Roxbury Fills Director Of Security Spot With Familiar Face

By Cheryl Conway

Some who see him in the schools may think ‘hey isn’t that the police chief who retired this past year from the Roxbury Police Department after 32 years?’

No need to get a detective to figure it out. Former Roxbury Police Chief James Simonetti of Frelinghuysen recently began in the Roxbury School District as the Director of Security. His first day at his new post was Tues., Oct. 4.

After spending more than three decades working for the Roxbury Police Dept., in every division, from patrolman where he began in Nov. 1984, to sheriff for five years, Simonetti who grew up in Netcong, returns to Roxbury after being away for seven months. He had mixed emotions when he left law enforcement in March; he returns with a renewed energy.

“It’s a good challenge for me teaming up with Superintendent Loretta,” says Simonetti. “We can do a nice job and protect the kids.”

Before the security director position was created, there was one individual involved in technology and security. Officials decided to separate the two roles.

Roxbury Schools Superintendent Loretta Radulic explains, “The position of security director was transformed from the security technician position that we previously had in the district.  The security director position encompasses many of the same elements, but includes a broader scope of security issues.  With the current climate, as well as district security initiatives, we are looking to be proactive and ensure the safety of our children and the full implementation of security initiatives.”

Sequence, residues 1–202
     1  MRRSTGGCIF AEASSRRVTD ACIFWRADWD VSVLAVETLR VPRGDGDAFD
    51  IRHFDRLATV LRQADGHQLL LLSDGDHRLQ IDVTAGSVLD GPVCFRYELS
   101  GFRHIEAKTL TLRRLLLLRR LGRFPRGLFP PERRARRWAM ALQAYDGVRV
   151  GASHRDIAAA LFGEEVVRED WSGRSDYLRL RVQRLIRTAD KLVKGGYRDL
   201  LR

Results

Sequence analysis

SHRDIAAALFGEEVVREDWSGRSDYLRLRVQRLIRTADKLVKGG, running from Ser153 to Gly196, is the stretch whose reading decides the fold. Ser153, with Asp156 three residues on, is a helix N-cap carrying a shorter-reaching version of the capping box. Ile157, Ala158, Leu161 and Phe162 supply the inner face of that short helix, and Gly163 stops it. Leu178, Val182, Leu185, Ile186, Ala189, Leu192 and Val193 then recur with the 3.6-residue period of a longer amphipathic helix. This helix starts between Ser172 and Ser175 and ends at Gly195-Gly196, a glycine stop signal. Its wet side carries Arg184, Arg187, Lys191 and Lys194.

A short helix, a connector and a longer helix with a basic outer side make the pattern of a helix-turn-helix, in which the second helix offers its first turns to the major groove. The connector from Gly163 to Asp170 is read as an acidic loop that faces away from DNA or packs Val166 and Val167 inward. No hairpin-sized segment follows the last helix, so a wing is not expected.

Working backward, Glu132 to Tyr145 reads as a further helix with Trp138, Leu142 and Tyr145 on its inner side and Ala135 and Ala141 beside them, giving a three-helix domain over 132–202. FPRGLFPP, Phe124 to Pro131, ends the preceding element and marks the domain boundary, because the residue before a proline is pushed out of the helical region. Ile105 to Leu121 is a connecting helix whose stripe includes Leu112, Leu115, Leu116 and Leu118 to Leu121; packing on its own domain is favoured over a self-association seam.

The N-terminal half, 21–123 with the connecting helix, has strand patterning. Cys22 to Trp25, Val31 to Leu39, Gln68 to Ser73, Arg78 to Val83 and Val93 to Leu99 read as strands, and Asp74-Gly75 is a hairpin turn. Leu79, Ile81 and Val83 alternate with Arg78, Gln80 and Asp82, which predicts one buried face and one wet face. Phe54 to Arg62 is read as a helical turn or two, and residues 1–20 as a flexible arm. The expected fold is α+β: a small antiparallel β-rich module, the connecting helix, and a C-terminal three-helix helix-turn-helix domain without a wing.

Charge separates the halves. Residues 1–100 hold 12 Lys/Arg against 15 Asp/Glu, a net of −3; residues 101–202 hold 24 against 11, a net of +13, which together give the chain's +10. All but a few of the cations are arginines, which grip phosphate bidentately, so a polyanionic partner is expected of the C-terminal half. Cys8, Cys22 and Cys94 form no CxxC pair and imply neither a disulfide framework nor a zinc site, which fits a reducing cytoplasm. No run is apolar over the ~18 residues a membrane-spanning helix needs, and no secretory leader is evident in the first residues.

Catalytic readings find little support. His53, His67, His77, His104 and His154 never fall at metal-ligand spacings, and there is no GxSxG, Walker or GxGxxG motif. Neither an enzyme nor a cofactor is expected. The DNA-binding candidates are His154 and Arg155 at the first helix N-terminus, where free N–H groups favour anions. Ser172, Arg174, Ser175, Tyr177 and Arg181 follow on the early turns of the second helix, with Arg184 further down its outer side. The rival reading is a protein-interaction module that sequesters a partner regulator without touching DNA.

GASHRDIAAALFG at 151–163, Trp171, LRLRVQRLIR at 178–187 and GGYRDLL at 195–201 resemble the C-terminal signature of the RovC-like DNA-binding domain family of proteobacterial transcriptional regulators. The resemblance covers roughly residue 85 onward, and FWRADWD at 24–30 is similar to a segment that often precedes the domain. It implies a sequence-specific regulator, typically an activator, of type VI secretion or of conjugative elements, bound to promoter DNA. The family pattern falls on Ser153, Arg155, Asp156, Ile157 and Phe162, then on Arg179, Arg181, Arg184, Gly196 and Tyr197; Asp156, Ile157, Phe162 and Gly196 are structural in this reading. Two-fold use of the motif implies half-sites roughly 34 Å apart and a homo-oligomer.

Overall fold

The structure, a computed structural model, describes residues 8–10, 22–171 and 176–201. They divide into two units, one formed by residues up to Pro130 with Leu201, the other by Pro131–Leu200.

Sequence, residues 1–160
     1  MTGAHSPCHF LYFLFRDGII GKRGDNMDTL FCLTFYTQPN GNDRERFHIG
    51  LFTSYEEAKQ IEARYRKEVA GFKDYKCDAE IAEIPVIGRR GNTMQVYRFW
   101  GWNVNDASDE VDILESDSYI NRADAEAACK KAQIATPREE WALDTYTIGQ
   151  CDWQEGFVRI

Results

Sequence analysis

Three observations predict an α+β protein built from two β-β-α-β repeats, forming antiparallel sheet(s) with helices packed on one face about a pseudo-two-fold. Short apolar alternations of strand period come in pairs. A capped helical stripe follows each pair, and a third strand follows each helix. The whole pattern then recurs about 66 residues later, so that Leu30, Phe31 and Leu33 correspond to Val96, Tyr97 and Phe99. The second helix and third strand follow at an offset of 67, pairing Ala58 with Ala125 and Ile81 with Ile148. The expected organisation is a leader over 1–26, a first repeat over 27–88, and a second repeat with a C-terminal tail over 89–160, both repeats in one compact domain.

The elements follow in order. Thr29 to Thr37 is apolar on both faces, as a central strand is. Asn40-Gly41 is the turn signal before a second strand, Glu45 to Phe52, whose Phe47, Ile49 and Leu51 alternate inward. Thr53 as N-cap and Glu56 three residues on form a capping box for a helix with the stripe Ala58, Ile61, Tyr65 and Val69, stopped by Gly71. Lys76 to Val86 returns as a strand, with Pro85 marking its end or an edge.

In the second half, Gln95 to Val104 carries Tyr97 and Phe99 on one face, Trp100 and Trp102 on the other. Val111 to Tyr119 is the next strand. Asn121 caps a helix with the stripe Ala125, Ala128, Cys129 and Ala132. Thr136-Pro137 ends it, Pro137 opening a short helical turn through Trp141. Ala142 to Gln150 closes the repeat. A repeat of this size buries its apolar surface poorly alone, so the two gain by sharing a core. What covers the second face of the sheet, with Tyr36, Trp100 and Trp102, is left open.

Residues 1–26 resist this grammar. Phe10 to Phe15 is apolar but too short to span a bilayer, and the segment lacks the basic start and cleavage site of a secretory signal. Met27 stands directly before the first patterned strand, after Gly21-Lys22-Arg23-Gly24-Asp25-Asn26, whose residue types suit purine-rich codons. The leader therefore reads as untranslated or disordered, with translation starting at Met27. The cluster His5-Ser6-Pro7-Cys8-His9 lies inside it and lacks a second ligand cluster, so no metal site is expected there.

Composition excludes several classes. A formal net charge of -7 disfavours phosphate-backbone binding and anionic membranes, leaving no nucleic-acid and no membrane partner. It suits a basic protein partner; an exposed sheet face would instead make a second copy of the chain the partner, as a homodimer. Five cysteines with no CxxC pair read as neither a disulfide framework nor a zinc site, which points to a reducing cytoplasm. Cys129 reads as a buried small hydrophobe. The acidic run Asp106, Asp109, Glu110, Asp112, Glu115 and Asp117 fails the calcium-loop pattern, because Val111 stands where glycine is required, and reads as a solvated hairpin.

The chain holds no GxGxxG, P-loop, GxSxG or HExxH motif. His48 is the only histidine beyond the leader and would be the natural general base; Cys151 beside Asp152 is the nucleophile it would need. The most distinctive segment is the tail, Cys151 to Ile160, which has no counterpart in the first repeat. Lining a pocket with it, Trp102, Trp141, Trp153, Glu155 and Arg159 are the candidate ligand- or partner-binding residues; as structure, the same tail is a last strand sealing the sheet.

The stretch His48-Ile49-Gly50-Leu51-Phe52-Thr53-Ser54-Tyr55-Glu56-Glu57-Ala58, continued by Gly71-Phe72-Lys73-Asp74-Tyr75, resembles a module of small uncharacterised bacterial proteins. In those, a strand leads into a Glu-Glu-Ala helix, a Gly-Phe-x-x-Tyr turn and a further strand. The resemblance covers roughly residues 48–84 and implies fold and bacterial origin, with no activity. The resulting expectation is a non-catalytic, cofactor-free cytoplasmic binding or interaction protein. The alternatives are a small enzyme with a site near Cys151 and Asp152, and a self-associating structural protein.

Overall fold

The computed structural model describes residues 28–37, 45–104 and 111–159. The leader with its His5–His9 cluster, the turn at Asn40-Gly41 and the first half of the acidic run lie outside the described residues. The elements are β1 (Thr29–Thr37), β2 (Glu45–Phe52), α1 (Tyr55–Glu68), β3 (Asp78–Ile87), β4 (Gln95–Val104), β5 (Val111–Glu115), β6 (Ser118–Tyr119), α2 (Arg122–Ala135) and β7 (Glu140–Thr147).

Out of eight individuals interviewed by a panel of six for the position of security director, “Mr. Jim Simonetti was the unanimous selection,” says Radulic.

“It is a position that we regard as integral to being able to provide a safe, learning environment for our students,” says Radulic. “He brings with him a knowledge of the district and community, an ability to implement ALICE, strong interpersonal skills and a shared vision for the protection and safety of our students and staff.  

We are thrilled to have him join our team and look forward to the difference he will make.”

Simonetti, 54, is happy to return to Roxbury where he had spent most of his career. He had announced his decision to retire back in January realizing “I’ve achieved all of the goals I’ve set for myself as a Roxbury police officer,” he had said then. His plan was to run for Warren County Sheriff so he filed paperwork back in January with the New Jersey Election Law Enforcement Commission (NJELEC).

While he gave it his best shot during his campaign, Simonetti did not win the nomination in the June 7 primary, in which he ran against two other candidates. Retired Washington Township Police Chief James McDonald won the Republican primary by a small margin.

“It happens,” Simonetti says as to his loss. “It was a good race.”

Afterward, Simonetti kept busy working with his wife Kelly operate her non-profit organization, Antler Ridge Wildlife Sanctuary- a 120-acre preserved farm in Warren County cares for more than 1,000 sick, injured or orphaned wildlife annually. 
When he heard about the director of security position in Roxbury, Simonetti knew what he wanted.